Wednesday, 3 January 2007

Wide-Angle Zoom Lens Selection For Canon 20D – Tamron 11-18mm

I recently bought a super wide-angle zoom lens for my 20D for photos like this. It’s really wide! More samples at the end of the post.



It was not an easy task/ decision:

Crop Body (Digital Rebel/400D, 30D) owners struggled to find super wide-angle lenses, because a 17-40mm lens becomes a 27-64mm (=effective focal length) on a Canon crop body due to the smaller sensor size compared to a full frame sensor camera like the 5D. That’s handy for telephoto (as 200mm becomes 320mm) but not good for wide-angle lenses originally designed for 35mm (full frame) cameras.

The lens manufacturers addressed the issue by designing lenses especially for crop bodies. These lenses are smaller and have less weight than their full frame counterparts. On the other hand, these can be only used on crop bodies, not on full frame cameras.


After scanning the market I short-listed 2 lenses

  • Canon EF-S 10-22mm f/3.5-4.5 USM
  • Tamron SP 11-18mm f/4.5-5.6 Di-II LD Aspherical (IF)


Here is the justification

  • I like to travel light. The Tokina (12-24) and Sigma (10-20) products are out of the list for that
  • I do not care (too much) that these lenses do not work on a full frame sensor camera. If I upgrade later, the lens stays with my 20D … on sale or as a backup

It is a pretty tough choice between the two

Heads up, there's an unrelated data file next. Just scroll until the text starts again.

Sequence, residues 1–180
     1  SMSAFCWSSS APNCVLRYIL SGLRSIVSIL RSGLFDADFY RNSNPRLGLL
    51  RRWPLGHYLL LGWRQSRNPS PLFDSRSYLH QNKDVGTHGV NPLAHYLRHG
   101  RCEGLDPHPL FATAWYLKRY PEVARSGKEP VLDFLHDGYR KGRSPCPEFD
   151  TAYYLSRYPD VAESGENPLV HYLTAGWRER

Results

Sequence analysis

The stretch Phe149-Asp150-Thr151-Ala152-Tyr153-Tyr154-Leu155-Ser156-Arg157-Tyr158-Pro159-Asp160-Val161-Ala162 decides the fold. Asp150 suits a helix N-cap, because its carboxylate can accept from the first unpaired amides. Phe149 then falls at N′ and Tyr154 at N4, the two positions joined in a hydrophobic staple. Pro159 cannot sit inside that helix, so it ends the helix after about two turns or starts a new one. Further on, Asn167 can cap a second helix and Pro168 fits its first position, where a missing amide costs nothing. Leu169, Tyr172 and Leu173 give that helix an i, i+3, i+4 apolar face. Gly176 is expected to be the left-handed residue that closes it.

• The Canon gets great reviews, the Tamron gets good reviews
  • The focal range of the Canon is much larger
  • The Canon lens is faster (aperture-wise)
  • The Tamron costs 530 US$ (including a lens hood) and the Canon costs 675 US$ (no hood). An original Canon hood will set you back an other 40 US$

I finally bought the Tamron, because

  • The price difference matters for me. If money would not matter, well, I get the Canon
  • I guess that the difference in focal length won’t be relevant for my main applications of this lens. Landscapes and architecture. One review that made the comparison suggested that. But you never know until you try ...
  • Also the lens speed does not really matter for my applications. The majority of times I am between f8 and f16
  • Due to the shorter focal length and slower speed, the Tamron is even smaller and lighter … marginally


Image quality of the Tamron 11-18mm

  • Colours are great, sharpness is good
  • Barrel distortion and chromatic aberrations are noticeable in the corners of the image (see 100% crop sample below)

I really would love to have the Canon - at least for a few days or so - to compare the image quality. Unfortunately I don’t ;-)


Here is an “extreme sample” with 100% crop, no Photoshop manipulation.Purple fringing along the left side white column is clearly visible. It is not that drastic in all photos, but happens quite regular.








More Samples:





In case you consider buying a wide-angle lens for a crop body camera, I recommend reading the following links:

http://www.digi-darkroom.com/showthread.php?t=18242
http://www.kenrockwell.com/tech/digital-wide-zooms/comparison.htm
http://www.kenrockwell.com/tamron/1118.htm
http://www.kenrockwell.com/canon/1022.htm
http://www.luminous-landscape.com/reviews/lenses/Canon-10-22mm-test.shtml
http://www.luminous-landscape.com/reviews/lenses/tamron%2011-18mm.shtml
http://www.photozone.de/8Reviews/lenses/tamron_1118_4556/index.htm

3 comments:

Dan Ponjican said...

Great review. Thanks for taking the time to do it.

Used Canon Cameras and Lenses

neil said...

Great review. I recently purchased this lens for use on my Canon 20D. I was never happy with the lens that came with the camera. I've been very happy with this lens.

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mahasiswa teladan said...

Thanks for review, it was excellent and very informative.
thank you :)